In a future world Phoebe has been managing to get by for a about a year since her parents died in a horrible crash.  She’s been managing to keep up the pretense her parents are still around and avoid child welfare–until now.  When the authorities movie in, Phoebe finds herself sent off to an orphanage where she finds five other kids whose parents also died in the same crash.  These kids have similar certificates to Phoebe’s own . . . and together the kids decide to break out and discover what’s really going on.  They dub their team the Silver Six.  Full of baddies, sacrifices and genuine humor, this is a great science fiction graphic for readers.

10.

Silverwing by Kenneth Oppel (HarperCollins, c1997)

Shade is a silverwing bat, one of the smallest of his clan. During migration, Shade gets thrown off course and winds up on a wild adventure meeting other types of bats.  Some friend, and some foe.  This charming anthropomorphic tale of bats will give readers some perspective on these tiny flying mammals, as well as a lot of basic nonfiction information on bats and their habitats.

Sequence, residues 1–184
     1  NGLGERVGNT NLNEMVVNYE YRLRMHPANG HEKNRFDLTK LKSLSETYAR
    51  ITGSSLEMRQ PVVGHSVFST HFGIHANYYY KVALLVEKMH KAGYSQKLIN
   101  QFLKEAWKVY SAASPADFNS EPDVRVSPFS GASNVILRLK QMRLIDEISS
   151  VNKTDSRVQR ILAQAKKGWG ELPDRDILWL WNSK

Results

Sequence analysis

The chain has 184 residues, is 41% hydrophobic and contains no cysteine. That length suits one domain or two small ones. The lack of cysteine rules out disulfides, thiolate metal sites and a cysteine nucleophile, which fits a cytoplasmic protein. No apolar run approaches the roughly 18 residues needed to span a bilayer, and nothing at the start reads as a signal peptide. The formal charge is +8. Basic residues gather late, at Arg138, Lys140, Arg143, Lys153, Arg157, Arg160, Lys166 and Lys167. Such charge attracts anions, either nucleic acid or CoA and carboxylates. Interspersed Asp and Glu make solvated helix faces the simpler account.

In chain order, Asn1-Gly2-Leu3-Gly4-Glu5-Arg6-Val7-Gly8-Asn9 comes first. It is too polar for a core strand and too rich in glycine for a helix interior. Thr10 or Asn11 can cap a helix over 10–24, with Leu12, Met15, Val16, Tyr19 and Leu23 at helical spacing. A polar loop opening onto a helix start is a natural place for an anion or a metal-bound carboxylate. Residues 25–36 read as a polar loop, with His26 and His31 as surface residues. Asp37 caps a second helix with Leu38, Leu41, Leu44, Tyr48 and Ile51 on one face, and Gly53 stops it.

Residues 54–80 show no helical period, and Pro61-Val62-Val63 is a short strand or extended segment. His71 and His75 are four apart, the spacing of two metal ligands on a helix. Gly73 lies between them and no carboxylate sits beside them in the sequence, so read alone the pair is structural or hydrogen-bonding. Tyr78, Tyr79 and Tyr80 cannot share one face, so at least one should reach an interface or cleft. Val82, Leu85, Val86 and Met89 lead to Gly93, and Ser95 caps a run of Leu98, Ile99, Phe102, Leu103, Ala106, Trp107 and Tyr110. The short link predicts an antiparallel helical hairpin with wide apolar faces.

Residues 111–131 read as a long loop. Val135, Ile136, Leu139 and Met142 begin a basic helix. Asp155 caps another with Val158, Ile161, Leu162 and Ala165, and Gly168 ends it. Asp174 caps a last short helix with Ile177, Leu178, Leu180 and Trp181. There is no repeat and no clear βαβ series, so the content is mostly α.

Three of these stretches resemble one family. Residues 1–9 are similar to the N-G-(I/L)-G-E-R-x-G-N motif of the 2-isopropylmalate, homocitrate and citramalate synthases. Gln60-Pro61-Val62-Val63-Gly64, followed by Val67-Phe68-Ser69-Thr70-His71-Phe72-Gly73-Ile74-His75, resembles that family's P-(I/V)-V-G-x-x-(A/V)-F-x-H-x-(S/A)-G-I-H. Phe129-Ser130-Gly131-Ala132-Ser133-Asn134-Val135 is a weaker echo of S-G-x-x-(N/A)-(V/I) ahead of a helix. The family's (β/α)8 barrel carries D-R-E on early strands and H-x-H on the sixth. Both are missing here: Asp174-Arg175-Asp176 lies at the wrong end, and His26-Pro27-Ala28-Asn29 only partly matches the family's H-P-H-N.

So there’s my ten!  What other books can you think to add?  Comments welcome!

Advertisements

About Stephanie Whelan

I'm a children's librarian with a life-long love of all things science fiction and fantasy.

Posted on May 13, 2015, in General Posts, Lists and tagged , , , , , , , , , , , , , , , , , , . Bookmark the permalink. 3 Comments.

  1. There is indeed a lot of silver in SFF! I can contribute one of my all-time favorites in the genre, The Silver Crown by Robert C. O’Brien.

Leave a Reply

Fill in your details below or click an icon to log in:

WordPress.com Logo

You are commenting using your WordPress.com account. Log Out / Change )

Twitter picture

You are commenting using your Twitter account. Log Out / Change )

Facebook photo

You are commenting using your Facebook account. Log Out / Change )

Google+ photo

You are commenting using your Google+ account. Log Out / Change )

Connecting to %s

%d bloggers like this: